A study published in the January 2007 issue of the Journal of Child Language examined two and three-year-old bilingual children’s ability to clarify their communication. The children played with an experimenter who used only one language (English or French) during the play session. Each time a child used the other language, the experimenter asked them to clarify. The experimenter also made requests for clarification when communication breakdowns occurred for other reasons, (e.g. the child spoke too softly, etc.). Both the two- and three-year-olds were capable of switching languages to match that of their experimenter so they could be understood. They used other strategies when attempting to repair other kinds of communication breakdowns. Moreover, they switched languages in response to non-specific requests, such as when the examiner asked, “What?” in response to something they said.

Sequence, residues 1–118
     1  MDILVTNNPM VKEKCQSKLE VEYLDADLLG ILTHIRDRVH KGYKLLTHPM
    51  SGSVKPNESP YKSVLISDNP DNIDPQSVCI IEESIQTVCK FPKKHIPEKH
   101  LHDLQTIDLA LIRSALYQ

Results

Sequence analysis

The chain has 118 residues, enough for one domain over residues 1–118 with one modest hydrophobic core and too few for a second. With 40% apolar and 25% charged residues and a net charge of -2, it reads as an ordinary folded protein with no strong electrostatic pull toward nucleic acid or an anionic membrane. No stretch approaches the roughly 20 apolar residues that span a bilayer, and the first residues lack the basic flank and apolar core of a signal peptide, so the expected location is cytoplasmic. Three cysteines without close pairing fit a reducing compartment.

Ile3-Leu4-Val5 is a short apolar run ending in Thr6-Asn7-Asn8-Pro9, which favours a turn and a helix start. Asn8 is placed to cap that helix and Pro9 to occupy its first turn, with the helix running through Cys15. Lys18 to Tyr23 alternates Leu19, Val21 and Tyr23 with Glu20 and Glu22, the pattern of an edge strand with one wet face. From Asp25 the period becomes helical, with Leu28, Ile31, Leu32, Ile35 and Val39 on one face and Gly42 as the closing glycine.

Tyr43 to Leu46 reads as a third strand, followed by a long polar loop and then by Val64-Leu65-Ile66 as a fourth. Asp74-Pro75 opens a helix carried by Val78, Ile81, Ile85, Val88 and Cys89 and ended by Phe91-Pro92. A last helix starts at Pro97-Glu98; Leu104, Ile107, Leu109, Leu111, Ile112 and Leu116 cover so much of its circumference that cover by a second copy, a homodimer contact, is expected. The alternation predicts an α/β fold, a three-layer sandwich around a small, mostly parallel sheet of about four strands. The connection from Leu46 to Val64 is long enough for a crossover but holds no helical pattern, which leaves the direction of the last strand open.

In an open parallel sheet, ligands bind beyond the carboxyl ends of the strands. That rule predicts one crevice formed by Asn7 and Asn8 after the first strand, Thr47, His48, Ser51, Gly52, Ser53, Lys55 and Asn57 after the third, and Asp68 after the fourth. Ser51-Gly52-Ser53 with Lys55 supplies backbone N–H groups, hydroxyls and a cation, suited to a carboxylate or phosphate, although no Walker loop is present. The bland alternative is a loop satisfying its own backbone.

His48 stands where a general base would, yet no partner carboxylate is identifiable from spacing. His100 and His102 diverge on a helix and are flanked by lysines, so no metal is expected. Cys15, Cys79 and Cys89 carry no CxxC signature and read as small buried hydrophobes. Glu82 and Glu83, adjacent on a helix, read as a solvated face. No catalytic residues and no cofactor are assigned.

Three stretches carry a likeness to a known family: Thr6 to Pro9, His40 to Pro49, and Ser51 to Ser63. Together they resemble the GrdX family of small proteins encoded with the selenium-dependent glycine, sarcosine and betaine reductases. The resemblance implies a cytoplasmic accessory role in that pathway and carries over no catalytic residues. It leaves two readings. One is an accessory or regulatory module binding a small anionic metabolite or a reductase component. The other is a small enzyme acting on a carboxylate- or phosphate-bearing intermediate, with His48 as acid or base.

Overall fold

The results indicate that even two-and-a-half year-old bilingual children are capable of identifying their language choice as a cause of communication breakdowns, and that they can differentiate language from other kinds of communication breakdowns.
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